Teresa has enticed countless biographers, and in the last decade she hasbeen claimed by feminists: in 1990 Alison Weber argued that Teresa employed the familiarand non-controversial language of femininity even though she didn'tbelieve a whit of it, because she understood that she would have more elbow room if she pretended to be docile than if she directly challenged prevailing gender norms; in 1995 Carole Slade suggested that Teresa wrote her autobiography to fool the henchmen of theInquisition--she was, in fact, far bolder and more heterodox than herautobiography allows. Now Cathleen Medwick, a former editor for VanityFair and House & Garden, takes a turn. No less modern or sassy thanSlade's or Weber's, Medwick's Teresa is a shrewd businesswoman; savvilybuilding and running monasteries, she reminds the reader of an early21st century CEO more than a stern nun rapping students with aruler.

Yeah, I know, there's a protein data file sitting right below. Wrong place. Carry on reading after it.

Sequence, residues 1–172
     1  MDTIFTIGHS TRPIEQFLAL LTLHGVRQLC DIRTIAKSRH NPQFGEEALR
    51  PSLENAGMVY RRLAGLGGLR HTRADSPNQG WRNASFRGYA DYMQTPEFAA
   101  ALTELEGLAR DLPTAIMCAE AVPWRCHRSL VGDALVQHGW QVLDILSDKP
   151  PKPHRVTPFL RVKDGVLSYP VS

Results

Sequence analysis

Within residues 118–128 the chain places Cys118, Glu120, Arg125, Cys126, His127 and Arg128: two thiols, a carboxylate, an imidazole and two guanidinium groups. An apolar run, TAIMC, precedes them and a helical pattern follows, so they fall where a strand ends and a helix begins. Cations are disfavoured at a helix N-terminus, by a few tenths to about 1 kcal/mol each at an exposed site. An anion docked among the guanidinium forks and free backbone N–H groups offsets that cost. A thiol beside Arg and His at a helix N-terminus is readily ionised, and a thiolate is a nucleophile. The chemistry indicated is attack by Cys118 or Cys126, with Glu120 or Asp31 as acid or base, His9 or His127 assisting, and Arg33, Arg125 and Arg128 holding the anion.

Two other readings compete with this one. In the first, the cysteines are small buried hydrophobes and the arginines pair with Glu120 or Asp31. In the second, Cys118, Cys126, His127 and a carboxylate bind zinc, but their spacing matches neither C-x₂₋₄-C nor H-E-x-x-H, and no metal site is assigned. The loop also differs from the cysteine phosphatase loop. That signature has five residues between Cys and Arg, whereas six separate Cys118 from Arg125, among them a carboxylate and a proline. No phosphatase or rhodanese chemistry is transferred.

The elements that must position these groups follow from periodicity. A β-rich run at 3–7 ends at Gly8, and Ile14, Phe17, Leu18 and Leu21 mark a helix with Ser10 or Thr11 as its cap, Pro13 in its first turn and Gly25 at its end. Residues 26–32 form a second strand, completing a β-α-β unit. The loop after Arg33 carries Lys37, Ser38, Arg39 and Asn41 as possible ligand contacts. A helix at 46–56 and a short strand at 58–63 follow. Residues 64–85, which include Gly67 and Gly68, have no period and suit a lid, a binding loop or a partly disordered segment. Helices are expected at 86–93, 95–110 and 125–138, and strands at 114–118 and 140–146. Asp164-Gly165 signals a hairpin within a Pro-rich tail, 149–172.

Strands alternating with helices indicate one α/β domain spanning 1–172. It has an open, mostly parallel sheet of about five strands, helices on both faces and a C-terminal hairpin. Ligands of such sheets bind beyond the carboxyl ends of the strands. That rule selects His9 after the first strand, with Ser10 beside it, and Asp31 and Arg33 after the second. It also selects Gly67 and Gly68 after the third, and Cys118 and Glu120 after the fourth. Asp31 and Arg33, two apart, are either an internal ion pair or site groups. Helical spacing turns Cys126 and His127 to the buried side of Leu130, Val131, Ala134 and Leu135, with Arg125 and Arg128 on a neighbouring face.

If "The Progress of a Soul" smacks of anachronism, it does have onevirtue: the prose is as lively as any copy Medwick edited at VanityFair.